The best of the rest of 2014
My favorite book: Tune In: The Beatles: All These Years
I think that the generation I grew up in has an odd relationship with the band The Beatles. We were born at a time when John, Paul, George and Ringo were all still with us but had long since stopped making new music together. And while there was no new Beatles music their tunes were starting to appear in different places like the theme song to The Wonder Years and on Nike TV commercials. And in 1995 there was a resurgence of the band when The Beatles Anthology TV documentary/CD set that kind’a sort’a featured new Beatles tunes along with unreleased demos and sessions was released.
I thought I had a pretty good handle on what it was that made up The Beatles. That was until I read the book Tune In: The Beatles: All These Years.
This nearly 1,000 page history of The Beatles follows the band from John, George, Paul and Ringo’s grandparents to the lads growing up in Liverpool and forming different bands and writing songs of their own. This first book of a series only covers the band to the point where they’re about to become the biggest group in the world in 1962.
My favorite trip down memory lane: Cycle of the Werewolf
For whatever reason I like to keep track of pop-culture anniversaries. Be it that the TV series Robotech first debuted 30 years ago this year or that actor X is Y years old today. And one thing that I did throughout 2014 was to combine my love of anniversaries along with my love of author Stephen King and artist Bernie Wrightson by reading one chapter of their book Cycle of the Werewolf each month that chapter takes place on.
Each chapter covers the day of the full Moon each month in the town Tarker’s Mills, Maine as a werewolf stalks the dark and terrorizes its citizens.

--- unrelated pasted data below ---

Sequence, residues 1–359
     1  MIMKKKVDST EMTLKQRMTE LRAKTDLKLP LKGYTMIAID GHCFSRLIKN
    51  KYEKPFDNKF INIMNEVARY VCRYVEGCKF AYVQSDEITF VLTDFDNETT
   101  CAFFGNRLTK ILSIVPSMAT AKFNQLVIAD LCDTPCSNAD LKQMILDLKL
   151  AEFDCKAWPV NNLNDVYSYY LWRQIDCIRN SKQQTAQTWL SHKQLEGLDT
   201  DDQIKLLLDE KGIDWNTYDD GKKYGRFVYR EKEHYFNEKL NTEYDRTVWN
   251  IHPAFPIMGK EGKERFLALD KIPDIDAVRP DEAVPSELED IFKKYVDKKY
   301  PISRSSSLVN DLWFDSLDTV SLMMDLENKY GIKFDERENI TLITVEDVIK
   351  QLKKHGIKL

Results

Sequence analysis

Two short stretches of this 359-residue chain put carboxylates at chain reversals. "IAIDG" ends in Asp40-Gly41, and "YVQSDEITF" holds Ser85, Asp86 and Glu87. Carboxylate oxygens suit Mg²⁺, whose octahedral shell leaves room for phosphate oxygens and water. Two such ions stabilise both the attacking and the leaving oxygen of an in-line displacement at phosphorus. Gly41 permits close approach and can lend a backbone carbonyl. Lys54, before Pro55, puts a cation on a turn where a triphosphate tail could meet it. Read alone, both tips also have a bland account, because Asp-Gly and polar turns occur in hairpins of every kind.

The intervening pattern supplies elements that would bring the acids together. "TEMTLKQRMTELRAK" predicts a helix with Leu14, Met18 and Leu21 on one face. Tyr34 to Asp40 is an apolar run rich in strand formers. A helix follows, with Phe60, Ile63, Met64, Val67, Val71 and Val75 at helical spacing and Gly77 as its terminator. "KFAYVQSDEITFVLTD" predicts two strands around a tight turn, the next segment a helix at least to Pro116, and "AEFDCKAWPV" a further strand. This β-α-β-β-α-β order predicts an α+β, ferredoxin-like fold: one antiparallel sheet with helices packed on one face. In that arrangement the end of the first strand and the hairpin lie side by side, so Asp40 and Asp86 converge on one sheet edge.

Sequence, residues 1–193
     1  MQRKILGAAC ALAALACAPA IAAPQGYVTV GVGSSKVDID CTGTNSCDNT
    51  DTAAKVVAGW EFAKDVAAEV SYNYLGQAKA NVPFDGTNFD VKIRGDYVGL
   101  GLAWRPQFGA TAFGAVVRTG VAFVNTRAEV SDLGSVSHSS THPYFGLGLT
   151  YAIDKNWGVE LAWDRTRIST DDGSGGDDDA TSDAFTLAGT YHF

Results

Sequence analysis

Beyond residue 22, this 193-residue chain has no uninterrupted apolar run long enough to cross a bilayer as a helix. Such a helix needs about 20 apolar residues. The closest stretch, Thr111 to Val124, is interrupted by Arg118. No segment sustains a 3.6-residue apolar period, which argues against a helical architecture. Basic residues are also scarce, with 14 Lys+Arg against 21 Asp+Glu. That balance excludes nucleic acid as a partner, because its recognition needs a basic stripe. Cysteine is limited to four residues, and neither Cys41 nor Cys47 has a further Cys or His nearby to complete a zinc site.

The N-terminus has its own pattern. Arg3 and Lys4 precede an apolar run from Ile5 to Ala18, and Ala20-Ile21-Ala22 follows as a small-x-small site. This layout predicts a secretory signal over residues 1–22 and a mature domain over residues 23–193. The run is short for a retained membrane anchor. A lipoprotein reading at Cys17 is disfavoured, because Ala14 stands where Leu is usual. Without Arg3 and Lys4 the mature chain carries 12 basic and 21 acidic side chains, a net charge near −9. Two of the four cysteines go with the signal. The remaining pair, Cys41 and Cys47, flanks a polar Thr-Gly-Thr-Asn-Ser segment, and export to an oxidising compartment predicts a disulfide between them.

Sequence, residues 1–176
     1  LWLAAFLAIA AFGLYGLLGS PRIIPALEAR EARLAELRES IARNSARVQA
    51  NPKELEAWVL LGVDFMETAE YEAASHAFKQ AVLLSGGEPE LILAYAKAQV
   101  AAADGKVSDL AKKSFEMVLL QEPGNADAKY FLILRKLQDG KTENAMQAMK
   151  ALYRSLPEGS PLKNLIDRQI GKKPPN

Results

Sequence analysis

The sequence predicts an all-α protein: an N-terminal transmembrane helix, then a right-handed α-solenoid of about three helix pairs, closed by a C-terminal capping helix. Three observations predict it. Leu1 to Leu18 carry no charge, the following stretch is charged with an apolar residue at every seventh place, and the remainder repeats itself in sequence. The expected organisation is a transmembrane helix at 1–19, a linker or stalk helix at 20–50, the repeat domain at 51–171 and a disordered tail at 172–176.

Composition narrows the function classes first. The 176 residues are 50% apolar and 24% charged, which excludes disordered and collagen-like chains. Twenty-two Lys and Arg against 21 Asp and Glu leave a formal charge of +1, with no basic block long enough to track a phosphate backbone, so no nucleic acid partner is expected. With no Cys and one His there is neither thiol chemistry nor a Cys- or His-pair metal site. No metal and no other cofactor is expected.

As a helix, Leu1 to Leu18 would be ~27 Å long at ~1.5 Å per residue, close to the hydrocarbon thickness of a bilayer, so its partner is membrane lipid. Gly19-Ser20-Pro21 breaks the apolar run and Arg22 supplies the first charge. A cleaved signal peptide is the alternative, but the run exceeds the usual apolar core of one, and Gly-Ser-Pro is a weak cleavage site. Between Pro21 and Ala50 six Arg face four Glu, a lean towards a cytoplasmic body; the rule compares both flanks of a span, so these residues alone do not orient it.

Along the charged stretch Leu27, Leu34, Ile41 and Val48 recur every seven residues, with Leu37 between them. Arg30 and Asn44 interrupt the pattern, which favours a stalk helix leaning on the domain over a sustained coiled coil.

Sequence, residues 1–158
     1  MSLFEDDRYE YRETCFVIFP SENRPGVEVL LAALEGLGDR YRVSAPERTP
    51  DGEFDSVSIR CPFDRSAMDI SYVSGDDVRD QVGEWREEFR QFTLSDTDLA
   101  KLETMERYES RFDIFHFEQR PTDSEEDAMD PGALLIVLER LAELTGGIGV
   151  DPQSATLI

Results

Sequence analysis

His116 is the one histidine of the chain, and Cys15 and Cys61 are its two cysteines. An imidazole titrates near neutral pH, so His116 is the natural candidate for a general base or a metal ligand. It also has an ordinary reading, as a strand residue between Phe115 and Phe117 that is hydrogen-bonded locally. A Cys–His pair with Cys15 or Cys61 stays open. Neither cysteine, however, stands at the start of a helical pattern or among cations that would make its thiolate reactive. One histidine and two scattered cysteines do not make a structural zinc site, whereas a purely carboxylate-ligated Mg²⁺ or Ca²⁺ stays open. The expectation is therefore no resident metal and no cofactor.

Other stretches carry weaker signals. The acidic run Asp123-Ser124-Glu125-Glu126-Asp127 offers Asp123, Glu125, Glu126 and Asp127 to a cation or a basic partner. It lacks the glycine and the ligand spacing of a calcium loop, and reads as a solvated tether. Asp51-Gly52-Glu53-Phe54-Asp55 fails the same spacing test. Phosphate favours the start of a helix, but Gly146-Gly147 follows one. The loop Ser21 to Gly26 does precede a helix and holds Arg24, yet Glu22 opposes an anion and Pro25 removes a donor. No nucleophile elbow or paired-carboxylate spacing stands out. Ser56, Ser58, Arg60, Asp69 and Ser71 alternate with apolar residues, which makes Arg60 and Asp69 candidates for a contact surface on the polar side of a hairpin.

(Cycle of the Werewolf is currently out of print but used copies can be easily found.)
My favorite collected comic: Akira
While I’m a huge fan of the Akira (1988) movie, I hate to say it but until 2014 I’d never actually read all of the comics the movie was based on. Sure, I’ve read some of them but I’ve never read the whole Akira story. That was until this summer. I’m not sure what made me do it but I finally decided to buy all six volumes of the collected series and read the whole Akira story that’s literally thousands of pages long.
I’d take a few weeks to read each volume, reading each night before bed and forcing myself to stop after reading 30 pages or so. And since the story of Akira is so good and flows so well it was very difficult to stop. Since Akira is so long elements that might play out in a frame or two of an ordinary comic instead play out over dozens of pages in Akira. And instead of coming off slow or boring it totally works.
After months of nightly reading I finally finished the Akira manga last fall and I can say that the comic story is so much better than the movie, and the movie is amazing to begin with.
My favorite classic TV series: Tinker Tailor Soldier Spy
It’s been probably a decade since I first watched the mini-series Tinker Tailor Solider Spy (1979) on DVD. And after having recently read the book and watched the 2011 film version of the story for the many-ith time I decided to work through the seven episode mini-series again to see if it’s held up over the last few years. And I can say yes, the 1979 Alec Guinness version of Tinker Tailor is still as brilliant as ever. And actually the story with British spies trying to uncover a Soviet mole in their midst plays out a bit better and makes more sense in the TV version since the seven hour series is able to devote more time to the story than the two hour movie.
I’d highly recommend to anyone to checkout Tinker Tailor Soldier Spy that’s still available on DVD, even if it’s odd to see Obi-Wan Kenobi smoking cigarettes in a damp, depressive London.